BethanyW 1/23/2008 9:43:00 AM

So, you want to sell things on-line...

Let me start out by saying that you're not going to like this post. But read all the way to the end, read every word. This is hard advice and it comes from years of experience.

In my business, I meet a lot of folks who have an idea that they can make some money by starting a web storefront and then - after maybe a month - retire and sell the business. I see these folks cry, scratch their head, and fail. I see it over and over and over. It breaks my heart to take their money only to see their new venture go down the drain.

What's missing? The same thing that is missing if they were to open up a brick and mortar storefront. 

  • Willingness to work
  • Knowledge of the area in which they have chosen to compete.  

 What is involved in selling on-line?

You need a web site. That's my job.

You need an account with a credit card processor. No, you can't use the processor that you have now. Just ask them, they'll say no, and threaten to close your account. Accepting credit card transactions online is a very risky business, and you have to pay for that risk. Yes, you. Who else?

No, I will not just collect the credit card number and email them to you, or save them in a database. If it's not against the law it should be. Servers get hacked all the time, just read the papers. Emailing the numbers to you would be a violation of your credit card processing contract, I will not be a party to that.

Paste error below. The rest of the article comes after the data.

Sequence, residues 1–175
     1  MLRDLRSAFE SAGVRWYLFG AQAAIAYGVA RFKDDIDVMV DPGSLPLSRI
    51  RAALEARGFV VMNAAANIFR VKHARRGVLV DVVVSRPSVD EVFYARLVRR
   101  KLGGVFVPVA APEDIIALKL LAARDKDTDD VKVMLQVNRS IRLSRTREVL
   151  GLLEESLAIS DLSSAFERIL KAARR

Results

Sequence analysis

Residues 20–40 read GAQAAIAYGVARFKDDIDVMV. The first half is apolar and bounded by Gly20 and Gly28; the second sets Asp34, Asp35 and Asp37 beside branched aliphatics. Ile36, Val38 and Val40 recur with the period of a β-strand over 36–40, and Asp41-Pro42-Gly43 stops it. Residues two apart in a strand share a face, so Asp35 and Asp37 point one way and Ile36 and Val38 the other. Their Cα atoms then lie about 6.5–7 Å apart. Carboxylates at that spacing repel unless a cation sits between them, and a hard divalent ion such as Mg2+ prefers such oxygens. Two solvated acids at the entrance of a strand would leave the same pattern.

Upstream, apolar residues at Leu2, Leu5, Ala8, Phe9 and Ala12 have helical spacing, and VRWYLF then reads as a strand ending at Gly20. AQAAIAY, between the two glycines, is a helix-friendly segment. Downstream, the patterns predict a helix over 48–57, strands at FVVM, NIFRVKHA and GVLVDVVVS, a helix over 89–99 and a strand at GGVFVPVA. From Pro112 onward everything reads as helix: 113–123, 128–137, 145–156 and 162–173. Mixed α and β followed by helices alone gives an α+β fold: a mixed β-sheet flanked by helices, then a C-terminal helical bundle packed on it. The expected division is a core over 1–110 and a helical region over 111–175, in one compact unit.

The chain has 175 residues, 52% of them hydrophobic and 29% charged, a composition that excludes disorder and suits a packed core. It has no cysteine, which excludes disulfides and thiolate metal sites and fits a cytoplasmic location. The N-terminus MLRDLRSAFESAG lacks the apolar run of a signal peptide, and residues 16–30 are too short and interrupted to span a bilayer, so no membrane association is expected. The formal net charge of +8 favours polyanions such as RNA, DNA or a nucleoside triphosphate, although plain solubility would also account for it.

So, call an on-line credit card processor and open an account. comes to mind, they're big, but there are lots. Expect to pay $50/month even if you don't sell a single thing (and in your first few months you won't). Expect to pay about 7% of your gross.

You need traffic.

This is a killer. People think that they can just open up a site and they'll sell things. You won't. I know lots of successful merchants, and they all have one thing in common - they work. All day, every day. Getting traffic to a web site is not easy, it requires the same amount of sweat that any other store would. If you are not willing to do that, then don't bother.

Don't blame the web developer. This sounds like self-serving advice, but I am aware of really ugly sites that get lots of traffic (Like this one, actually). Frequently people call me and ask if I'll redo their site so that they will get traffic. I ask how much traffic they're getting now (They don't know, but they haven't sold anything in months). It's not the site design. You need traffic in the first place. If people are not going to your site, making it prettier will not help. I give these people my half-hour speech on web marketing and send them on their way. If you'd like to hear it, I'd love to share <smiles>

I'm not able to tell you in the space of this article what you need to do, but I am able to tell you that it is a full time job. If you come to me an complain that you're not selling anything or that you're not getting traffic, I'm going to ask how long you work at it every day. Or, how much you pay someone else to do it. If you say none and none, there's your answer.

Sorry for the attitute. Christ commands us to love our neighbors and to do that I'd sooner that you had a full understanding of what it means to operate an eCommerce business than to take your money and see you fail.

May God bless you and your endeavours.


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